Cytoplasm is the gelatinous liquid that fills the inside of a cell. It is composed of water, salts, and various organic molecules. Some intracellular organelles, such the nucleus and mitochondria, are enclosed by membranes that separate them from the cytoplasm.
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Cytoplasm's a funny term. So what does "cyto" mean? "Cyto" means "cell", "plasm" means "stuff", so it's "cell stuff". So think about a cell as a big water balloon, and the water balloon has little pieces of fruit floating around in it. And the cytoplasm is the water in the water balloon, and it's a little bit thicker than water, but it makes up the majority of the inside of most cells. Now, inside the cell, inside that water balloon, there's a nucleus and there's other so-called organelles, like mitochondria, or lysosomes, or the endoplasmic reticulum and other unpronounceable organelles, but the cytoplasm is the ocean in which all of these organelles float.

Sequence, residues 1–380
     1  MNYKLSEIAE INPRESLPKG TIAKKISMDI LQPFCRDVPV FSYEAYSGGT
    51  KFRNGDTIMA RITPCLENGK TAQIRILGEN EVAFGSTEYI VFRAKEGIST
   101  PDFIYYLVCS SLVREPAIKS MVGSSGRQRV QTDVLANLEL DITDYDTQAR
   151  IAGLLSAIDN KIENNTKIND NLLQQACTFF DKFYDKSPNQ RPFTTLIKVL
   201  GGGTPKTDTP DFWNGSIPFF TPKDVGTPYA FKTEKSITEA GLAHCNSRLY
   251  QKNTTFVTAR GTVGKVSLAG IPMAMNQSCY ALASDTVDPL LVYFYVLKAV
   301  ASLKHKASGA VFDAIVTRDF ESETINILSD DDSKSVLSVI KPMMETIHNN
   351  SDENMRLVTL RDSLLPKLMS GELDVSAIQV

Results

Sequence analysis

Christopher P. Austin, M.D.
Director, NIH Chemical Genomics Center (NCGC); Senior Advisor for Translational Research, Office of the Director
Dr. Austin's research focuses on development of reagents and technologies to translate genome sequence into functional insights. As director of the NIH Chemical Genomics Center (NCGC), part of a network of screening centers that produce chemical probes for use in biological research and drug development, Dr. Austin is spearheading a chemical genomics program that brings the power of small-molecule chemistry and informatics to the elucidation of gene function. Just as the Human Genome Project accelerated gene identification, this initiative promises to speed discoveries on gene function and lead to the development of new therapies for human disease.